Lincoln Child is a writer. A good one who has written several solo bestsellers–only one of which I have read: Terminal Freeze (2009). Douglas Preston is a writer. A good one who has written several solo bestsellers, both fiction and non-fiction. His most famous is the Monster of Florence (2008), a true-crime story written with Italian journalist Mario Spezi. Monster is currently being translated for the big screen, starring George Clooney.
So, Child is chocolate and Preston is peanut butter. Whoops! What happens when you put the two together? A whole new treat. This happened in the mid-90s when the two collaborated on The Relic (1995), which was later made into a motion picture. That was just the beginning. Together, in a new symbiosis, Preston and Child have produced 18 novels, not one of which I have missed. Together, these two men have collaborated on books that involve the readers in ways that many writers aspire to but few actually succeed.
In the process, they have introduced us to unforgettable characters like ethereal special agent Aloysius Pendergast and the hardcore Vincent D’Agosto.
Their latest novel features the newest of their characters, a nuclear scientist named Gideon Crew. Crew was first introduced in their 2011 novel Gideon’s Sword. As you can imagine, Crew is damaged goods. As a child he saw his father shot down by federal agents for a crime he did not commit, and spent his life trying to salvage his family name.
Gideon’s Corpse (Grand Central Publishing, 2012) , finds Crew–a man under a death sentence due to an inoperable aneurysm–in the middle of a plot that can’t help resonating with readers today: a terrorist attempt to detonate a nuclear device located–somewhere. Where? Well, that’s one of the problems. Nobody knows for sure.
Preston and Child take their cues from Hollywood, and from action films like Raiders of the Lost Ark. Narrow escapes, relentless chases, and suspenseful physical confrontations abound in the pages of their books and this latest is no exception. There is also an unlikely love affair between Crew and a much-younger woman who is the daughter of a suspect. Of course, as is the case in fiction, the sex is “spectacular,” and it is amazing how quickly the young woman goes from being furious over her kidnapping by Crew to clawing at his clothing.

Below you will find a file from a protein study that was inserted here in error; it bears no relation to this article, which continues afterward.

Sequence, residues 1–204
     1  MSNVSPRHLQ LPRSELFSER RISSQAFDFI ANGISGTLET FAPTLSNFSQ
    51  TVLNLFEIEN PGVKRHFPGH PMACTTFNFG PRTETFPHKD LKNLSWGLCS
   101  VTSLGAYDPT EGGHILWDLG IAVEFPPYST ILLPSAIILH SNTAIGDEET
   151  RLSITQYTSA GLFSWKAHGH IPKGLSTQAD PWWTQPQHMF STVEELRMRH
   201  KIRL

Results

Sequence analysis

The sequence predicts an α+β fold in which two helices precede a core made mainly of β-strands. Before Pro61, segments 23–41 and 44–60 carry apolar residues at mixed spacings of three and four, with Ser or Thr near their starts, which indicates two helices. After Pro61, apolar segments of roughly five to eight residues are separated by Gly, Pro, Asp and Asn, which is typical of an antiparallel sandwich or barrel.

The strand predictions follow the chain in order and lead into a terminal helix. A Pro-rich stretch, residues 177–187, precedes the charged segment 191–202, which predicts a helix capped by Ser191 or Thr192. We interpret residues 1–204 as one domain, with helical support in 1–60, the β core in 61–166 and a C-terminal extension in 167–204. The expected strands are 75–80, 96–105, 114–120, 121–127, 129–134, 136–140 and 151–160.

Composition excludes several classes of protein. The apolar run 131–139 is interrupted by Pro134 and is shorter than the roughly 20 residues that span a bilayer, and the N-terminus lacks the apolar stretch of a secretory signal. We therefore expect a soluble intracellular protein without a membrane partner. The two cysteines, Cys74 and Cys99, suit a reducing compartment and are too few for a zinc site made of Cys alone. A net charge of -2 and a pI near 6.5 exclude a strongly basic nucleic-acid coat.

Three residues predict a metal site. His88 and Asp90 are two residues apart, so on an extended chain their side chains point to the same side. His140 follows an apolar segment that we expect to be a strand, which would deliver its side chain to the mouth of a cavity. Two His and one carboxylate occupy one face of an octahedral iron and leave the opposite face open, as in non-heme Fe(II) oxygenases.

The story line–excepting perhaps the “spectacular” sex which never happens for guys in real life–is plausible, and its plausibility is what kept me turning pages. It is a very real concern these days that some rogue terrorists might get their hands on a nuclear device, whether small enough to put in a suitcase or so big it has to go in a minivan–and set it off somewhere in this country. Preston and Child keep the reader engaged with the preparations made by the military, the CIA, Homeland Security, and a host of other agencies who work to identify possible targets, evacuate heavily populated areas, and work tirelessly to find out who the culprits are before the device is detonated.
Tension is something that Preston and Child have honed to a fine edge. In Gideon’s Corpse, there is tension between Crew and the FBI Agent Fordyce (he trusts him, then he doesn’t, then he does); between Crew and the federal agencies who use him but fear his “lone wolf” tactics; between Crew and his new lover (she hates him, then she ravishes him, then she doesn’t trust him); and her father (he’s not a suspect, then he is a suspect). It’s Exhausting. It’s Exhilarating. It’s so damned much fun!
Preston and Child have scored another hit with Gideon’s Corpse. If history is any indicator, you may be seeing this in a movie theater near you in a very few years.
Copyright March 2, 2012 Isaac Morris